F. H. Griffin Taylor, in Sewanee Review (reprinted by permission of the editor; © 1969 by The University of the South), Spring, 1969.
Death of the Fox is splendid, a magnificent book, and very probably one of the dozen best novels to have been written in my lifetime. Indeed, it is so extraordinary a work that it raises certain questions about the history and the future of the novel itself, about the relation of the novelist to his public, and about the ultimate mysteries of Fame and Fortune which lie not only at the heart of this novel but at the heart of the experience of all of us. (p. 277)
The technical excellence of both [The Finished Man and Which Ones Are The Enemy?], the wit, the appeal were as irrelevant as the eloquent need of some poor sucker who buys his lottery ticket and sits back to wait for the big money. Each of them was a good book in its way. The Finished Man was a more than usually ingratiating first novel about Florida politics and—perhaps—Garrett's father. Which Ones Are The Enemy? was a novel about army life in Trieste—where Garrett served—and was more polished, more authoritative in its tone, surer in its technical aspects, richer…. Really, a damned good book. In each case, however, the bright pebble of experience that Garrett was weaving into his nest of ironies and clarities was important to him; the craft with which he managed the novels was of interest to a few hundred enthusiasts of the novel. (p. 280)
Death of the Fox is a huge book, but its devices are minute and precise…. The fictional constraint is very nearly as oppressive as Ralegh's own, in that the possibilities of action are severely limited. There is thought, of course—recollection, analysis, regret, celebration. But thought is a frustrating business unless there is some medium for its expression, some translation into speech and gesture, some resulting action. The great motion of the book, then, is the building of concentration and frustration, and then moments of release as, by the smallest but most satisfactory exercises of choice, Ralegh performs.
These performances, moreover, are frequently the historically reported ones, small pieces of bright fact that have survived in histories and biographies. This is what any historical novelist would try to do, working in as many of these little nuggets as possible. But for Garrett, the strategy is more ambitious. His scheme, so far as I can tell, is to make these little pieces of business the flowering of the garden he has been so carefully tending for hundreds of pages, the embodiment of attitudes, the natural result and necessary crown of all the internal business of intellection and recollection. (pp. 287-88)
Even the most cursory investigation into the details of Ralegh's life and into the history of the period will show how precise Garrett has been in maintaining that balance between imagination and factual correctness, and between Ralegh's limited area of freedom and the web of necessity in which he hung. (p. 290)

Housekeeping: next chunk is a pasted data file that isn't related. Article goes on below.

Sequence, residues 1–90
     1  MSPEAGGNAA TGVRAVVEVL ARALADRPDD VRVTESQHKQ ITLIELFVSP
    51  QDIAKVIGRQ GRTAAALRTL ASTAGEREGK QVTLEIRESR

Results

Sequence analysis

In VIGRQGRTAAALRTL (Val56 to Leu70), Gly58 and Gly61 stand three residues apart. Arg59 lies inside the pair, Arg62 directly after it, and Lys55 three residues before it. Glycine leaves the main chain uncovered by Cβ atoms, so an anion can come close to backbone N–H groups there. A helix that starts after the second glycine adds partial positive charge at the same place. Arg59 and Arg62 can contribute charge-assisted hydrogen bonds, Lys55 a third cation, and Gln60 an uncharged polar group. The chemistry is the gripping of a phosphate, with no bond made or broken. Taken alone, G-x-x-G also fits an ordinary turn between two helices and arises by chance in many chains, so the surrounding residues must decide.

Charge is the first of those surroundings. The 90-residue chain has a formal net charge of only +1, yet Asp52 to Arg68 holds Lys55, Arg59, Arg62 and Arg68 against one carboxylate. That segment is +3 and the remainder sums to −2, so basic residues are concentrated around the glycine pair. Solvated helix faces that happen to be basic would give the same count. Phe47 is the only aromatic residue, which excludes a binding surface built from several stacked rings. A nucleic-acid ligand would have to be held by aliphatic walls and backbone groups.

[Instead] of cribbing from Garrett and history, I shall cite the concluding sentences of the book: "The ax is bright in the dwindling sunlight. Flashes high before it falls. Higher by far a lone gull banks and circles on the darkening air. Then flies away to vanish over the Thames."
The key words, I think, are "by far" for they are the connecting words. Obviously a gull can fly higher than an ax. The connection establishes, merely by syntax, a point of view below in the crowd, a pair of eyes that looks up to the flash of the ax, and then, at the last moment, deciding not to look at its fall, averts to a gull higher by far, and by so doing admits to Ralegh the dignity he has earned, indicts the blunder of King James, and, most important, makes those historical judgments in immediate, sensuous terms.
So long as that kind of thing can be managed, there is a place for historical fiction, a very high place, and one that has only rarely been attempted. It is especially in the light of that rarity and the difficulty of which it is symptomatic, that I delight in and admire Death of the Fox. (pp. 293-94)
David R. Slavitt, "History—Fate and Freedom: A Look at George Garrett's New Novel," in The Southern Review (copyright, 1971, by David R. Slavitt), Vol. VII, No. 1, Winter, 1971, pp. 276-94.
[Death of the Fox] is called "a novel about Ralegh," and though the author's note explicitly states that it is not a biography,… it can and perhaps should be read as a biography written with the literary liberties available to the novelist but not to the formal and traditional biographer.
Garrett, making full use of the freedom available to the novelist—who is not held to the strict limits of accountability of the historian or the biographer—does a fine job of placing Ralegh in the involved intrigue of the Elizabethan world. Though the book is long, the reader's interest is maintained throughout. (p. 36)
Bruce B. Solnick, in Américas (reprinted by permission from Américas, monthly magazine published by the general Secretariat of the Organization of American States in English, Spanish, and Portuguese), January, 1974.